As is probably obvious by now, I?m obsessed with aero positions. So, it won?t surprise you that when I first saw Floyd Landis in his pointy, Mantis position a whole raft of questions blossomed in my brain. Was it really faster to ride that way? How much faster? Would it work for anyone? How did it handle? Would it work for me?

Armed with these fevered musings I went in search of answers. Of course, my search was rendered irrelevant when, halfway through this year?s Dauphiné Libéré, the Union Cycliste Internationale (bless the little Luddites) outlawed the Mantis position on the grounds that it allowed riders to support their forearms on their aerobars ? a dangerous and avant-garde practice that clearly had to be stopped.

But by that time I?d badgered aero position experts John Cobb, perhaps best known for being an aerodynamics adviser to Lance Armstrong, and Kraig Willett, engineering designer, bicycle aerodynamics expert and founder of biketechreview.com, into revealing a few of their closely guarded secrets for this step-by-step guide to improving your position.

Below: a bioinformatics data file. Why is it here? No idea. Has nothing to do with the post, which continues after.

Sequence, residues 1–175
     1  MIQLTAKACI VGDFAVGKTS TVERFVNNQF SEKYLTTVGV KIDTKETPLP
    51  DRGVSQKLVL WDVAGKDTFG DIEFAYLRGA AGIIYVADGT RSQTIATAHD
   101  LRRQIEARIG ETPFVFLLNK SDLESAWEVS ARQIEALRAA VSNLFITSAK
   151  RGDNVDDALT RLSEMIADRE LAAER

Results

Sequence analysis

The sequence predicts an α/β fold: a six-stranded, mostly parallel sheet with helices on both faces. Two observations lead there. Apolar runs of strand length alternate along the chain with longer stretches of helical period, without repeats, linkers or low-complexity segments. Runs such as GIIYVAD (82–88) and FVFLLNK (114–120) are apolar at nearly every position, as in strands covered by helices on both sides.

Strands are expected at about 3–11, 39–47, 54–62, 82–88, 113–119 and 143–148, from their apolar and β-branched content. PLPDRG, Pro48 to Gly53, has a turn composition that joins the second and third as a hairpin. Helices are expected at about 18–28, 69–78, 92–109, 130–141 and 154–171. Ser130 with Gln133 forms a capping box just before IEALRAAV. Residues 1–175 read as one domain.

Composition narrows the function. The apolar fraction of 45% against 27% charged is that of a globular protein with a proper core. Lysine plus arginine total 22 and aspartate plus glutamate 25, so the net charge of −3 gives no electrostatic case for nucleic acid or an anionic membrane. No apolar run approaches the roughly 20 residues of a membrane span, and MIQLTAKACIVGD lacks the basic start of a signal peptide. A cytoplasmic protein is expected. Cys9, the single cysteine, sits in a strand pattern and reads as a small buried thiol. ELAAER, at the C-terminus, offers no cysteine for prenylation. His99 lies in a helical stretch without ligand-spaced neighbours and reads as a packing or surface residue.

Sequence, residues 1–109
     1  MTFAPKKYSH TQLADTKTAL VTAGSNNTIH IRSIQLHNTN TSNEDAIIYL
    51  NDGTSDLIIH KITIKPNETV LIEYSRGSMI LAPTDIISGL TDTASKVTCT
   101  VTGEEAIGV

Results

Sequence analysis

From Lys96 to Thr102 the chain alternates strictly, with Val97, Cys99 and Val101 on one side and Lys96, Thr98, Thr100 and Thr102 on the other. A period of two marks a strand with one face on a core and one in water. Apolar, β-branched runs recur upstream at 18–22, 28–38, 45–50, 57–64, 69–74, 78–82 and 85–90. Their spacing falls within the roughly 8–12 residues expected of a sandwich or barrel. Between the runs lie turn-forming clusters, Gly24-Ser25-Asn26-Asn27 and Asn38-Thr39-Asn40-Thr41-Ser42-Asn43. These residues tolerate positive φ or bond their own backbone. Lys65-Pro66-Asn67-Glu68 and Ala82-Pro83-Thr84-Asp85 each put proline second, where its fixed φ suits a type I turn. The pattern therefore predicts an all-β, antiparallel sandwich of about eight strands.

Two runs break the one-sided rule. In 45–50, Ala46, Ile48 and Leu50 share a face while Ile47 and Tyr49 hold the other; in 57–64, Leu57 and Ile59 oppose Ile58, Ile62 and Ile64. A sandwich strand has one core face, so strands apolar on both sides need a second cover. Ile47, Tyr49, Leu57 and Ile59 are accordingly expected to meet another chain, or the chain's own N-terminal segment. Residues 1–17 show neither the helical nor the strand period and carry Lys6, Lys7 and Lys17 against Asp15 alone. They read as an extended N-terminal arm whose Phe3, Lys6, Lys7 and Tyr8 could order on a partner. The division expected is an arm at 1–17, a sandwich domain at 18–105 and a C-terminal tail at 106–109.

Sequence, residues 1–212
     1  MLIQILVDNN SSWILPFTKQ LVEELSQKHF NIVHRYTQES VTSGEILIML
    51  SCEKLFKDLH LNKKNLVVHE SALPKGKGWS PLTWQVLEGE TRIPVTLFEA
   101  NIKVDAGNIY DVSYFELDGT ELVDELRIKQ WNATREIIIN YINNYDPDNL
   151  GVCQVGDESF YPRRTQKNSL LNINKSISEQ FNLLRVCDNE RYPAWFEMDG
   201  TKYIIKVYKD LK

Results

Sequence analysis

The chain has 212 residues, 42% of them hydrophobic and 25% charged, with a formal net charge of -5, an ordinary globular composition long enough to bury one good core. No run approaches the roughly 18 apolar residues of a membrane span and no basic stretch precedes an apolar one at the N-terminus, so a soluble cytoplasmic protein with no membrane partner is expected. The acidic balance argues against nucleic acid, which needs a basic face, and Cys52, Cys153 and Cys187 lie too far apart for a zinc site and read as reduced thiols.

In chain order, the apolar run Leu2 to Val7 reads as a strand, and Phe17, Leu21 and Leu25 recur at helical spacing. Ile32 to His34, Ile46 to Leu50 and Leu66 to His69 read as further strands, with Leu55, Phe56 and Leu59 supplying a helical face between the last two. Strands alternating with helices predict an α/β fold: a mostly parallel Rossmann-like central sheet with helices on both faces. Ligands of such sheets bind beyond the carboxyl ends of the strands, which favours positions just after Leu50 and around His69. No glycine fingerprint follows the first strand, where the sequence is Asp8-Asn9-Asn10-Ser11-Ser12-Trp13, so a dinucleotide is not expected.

STEP ONE

Starting out

The obvious starting point for changing to a new position is your old position (though, if you don?t have one, your position on the drops should be about right). ?Positioning your seat for maximum power transfer is the best place to start,? suggests Cobb. ?Then build your position around that.? Assuming you have that sorted already, leave your seat angle, seat height and crank length alone and concentrate on refining the rest.

STEP TWO

How low can you go?

It seems logical that the first thing to try is to make yourself lower on the bike. After all, bending forwards until your back and shoulders are in line with your hips ought to mean that there?s less of you to being hit head-on by the air. Unfortunately, while a lower position is a good beginning, it?s not as important as you might think.